Second, even if you do control what goes on your plate, you’re almost certainly surrounded by other people who are hell-bent on relishing the only happy thing left in life after age 40, i.e. eating. These normal people (or enablers) will pile their plate high while you’ve allotted just the right amount, and before long you’ll be eating off their plate, or they’ll be sharing. Happens every time.

Third, you probably drink. Booze is caloric, but more importantly, it forces you to let down your diet guard. Boom! The buzz hits and you’re inhaling like a vacuum cleaner.

You can forget exercising off the fat

It won’t work. There aren’t enough hours in the day to burn off a bagful of burgers. I’ve ridden less and exercised less throughout this entire nasty ordeal and it’s worked. Just think about the times that you go out and do a century, then top it off with a huge lunch and beer. Fact is, you didn’t burn that much in six hours, and a casual glance at any pack of century riders will confirm that whatever they’re doing, “riding it off” isn’t it.

A manorexic retrospective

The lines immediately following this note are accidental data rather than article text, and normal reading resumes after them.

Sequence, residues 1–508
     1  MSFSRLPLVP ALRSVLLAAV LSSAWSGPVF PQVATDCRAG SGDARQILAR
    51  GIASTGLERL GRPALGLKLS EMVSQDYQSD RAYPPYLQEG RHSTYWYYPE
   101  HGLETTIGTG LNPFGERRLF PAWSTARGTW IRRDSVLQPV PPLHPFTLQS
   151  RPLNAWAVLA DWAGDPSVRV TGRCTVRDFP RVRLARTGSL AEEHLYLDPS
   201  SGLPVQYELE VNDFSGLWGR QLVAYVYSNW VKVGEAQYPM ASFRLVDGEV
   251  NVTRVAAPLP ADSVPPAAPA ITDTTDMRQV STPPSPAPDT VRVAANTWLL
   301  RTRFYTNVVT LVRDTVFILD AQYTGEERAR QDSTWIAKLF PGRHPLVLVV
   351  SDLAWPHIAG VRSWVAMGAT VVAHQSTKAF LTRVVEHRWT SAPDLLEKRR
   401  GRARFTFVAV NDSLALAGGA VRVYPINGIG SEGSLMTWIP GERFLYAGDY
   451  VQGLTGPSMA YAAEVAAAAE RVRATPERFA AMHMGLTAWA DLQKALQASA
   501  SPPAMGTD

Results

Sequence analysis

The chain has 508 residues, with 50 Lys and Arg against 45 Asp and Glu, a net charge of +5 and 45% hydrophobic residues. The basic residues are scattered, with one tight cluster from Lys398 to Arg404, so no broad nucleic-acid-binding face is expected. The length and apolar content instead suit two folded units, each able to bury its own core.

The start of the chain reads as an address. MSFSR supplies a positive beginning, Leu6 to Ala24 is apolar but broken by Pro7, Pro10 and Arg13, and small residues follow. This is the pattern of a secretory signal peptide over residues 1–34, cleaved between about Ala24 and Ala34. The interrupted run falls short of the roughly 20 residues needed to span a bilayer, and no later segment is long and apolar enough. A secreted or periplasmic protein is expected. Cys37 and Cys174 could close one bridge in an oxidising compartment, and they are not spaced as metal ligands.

So, has it all been worth it? Nope. No way. Life has become a jaw-grinding time trial until the next meal.

Observations:

  1. I’ve become picky about what I eat. Very little junk except for coffee. Haagen-Dasz isn’t junk food, right?
  2. My recovery on the bike has vastly improved.
  3. I climb better. Today on VdM I chased down some dude in his 60’s with hairy legs, panniers, and a triple, then dropped him.
  4. Suits, slacks, and dress shirts are no longer unpleasantly choking my parts.
  5. Every single bite of sustenance is a foodgasm.
  6. I’m on hyper alert virtually all the time, except when I’m fainting from hunger, which is any time I sit down.
  7. People who are overweight aren’t there because they lack willpower. They’re fighting biology in a life-death struggle, and biology has all the weapons.
  8. People consume far more than they need, unabashedly.
  9. Gym people are just as weird as bike people, and not nearly as much fun. No one at the gym wants to be tiny.
  10. Saying that you’re going to lose weight is a throwdown, like saying you’re going to take the sprint. Everyone’s secretly rooting for you to lose, you big mouth.
  11. Advice sausages of both genders love to tell you to eat more. Funny how they never told me to eat less.
  12. ¬†Extreme, rapid weight loss can’t be good for you. Can it?
  13. This kind of obsessiveness is a short jump to anorexia and death, so travel the path with care.
  14. Constant hunger is mentally debilitating, even though it paradoxically makes you more alert.
  15. I can ride longer, farther, and faster on less food than I could before.
  16. Skinnier isn’t happier. Corollary: Neither is fatter.
  17. Everyone thinks I’m crazy(er).
  18. Your body quickly adapts to malnutrition.
  19. I don’t need a huge breakfast, lunch, or dinner in order to ride a hundred miles, but all of the above make it much more fun.